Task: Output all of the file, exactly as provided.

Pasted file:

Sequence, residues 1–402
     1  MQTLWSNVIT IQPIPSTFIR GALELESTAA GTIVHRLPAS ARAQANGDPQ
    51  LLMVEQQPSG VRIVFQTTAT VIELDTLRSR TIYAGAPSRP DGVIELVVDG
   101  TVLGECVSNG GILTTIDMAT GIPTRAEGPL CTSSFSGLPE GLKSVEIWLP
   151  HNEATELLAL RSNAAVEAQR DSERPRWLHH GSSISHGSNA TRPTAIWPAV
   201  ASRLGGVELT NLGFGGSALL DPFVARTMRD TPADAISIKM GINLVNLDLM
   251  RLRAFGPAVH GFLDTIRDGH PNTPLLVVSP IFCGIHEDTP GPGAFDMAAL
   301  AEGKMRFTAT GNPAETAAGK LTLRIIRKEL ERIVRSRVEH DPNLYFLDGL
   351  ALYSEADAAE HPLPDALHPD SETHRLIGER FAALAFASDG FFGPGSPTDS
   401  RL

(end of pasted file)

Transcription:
Sequence, residues 1–402
     1  MQTLWSNVIT IQPIPSTFIR GALELESTAA GTIVHRLPAS ARAQANGDPQ
    51  LLMVEQQPSG VRIVFQTTAT VIELDTLRSR TIYAGAPSRP DGVIELVVDG
   101  TVLGECVSNG GILTTIDMAT GIPTRAEGPL CTSSFSGLPE GLKSVEIWLP
   151  HNEATELLAL RSNAAVEAQR DSERPRWLHH GSSISHGSNA TRPTAIWPAV
   201  ASRLGGVELT NLGFGGSALL DPFVARTMRD TPADAISIKM GINLVNLDLM
   251  RLRAFGPAVH GFLDTIRDGH PNTPLLVVSP IFCGIHEDTP GPGAFDMAAL
   301  AEGKMRFTAT GNPAETAAGK LTLRIIRKEL ERIVRSRVEH DPNLYFLDGL
   351  ALYSEADAAE HPLPDALHPD SETHRLIGER FAALAFASDG FFGPGSPTDS
   401  RL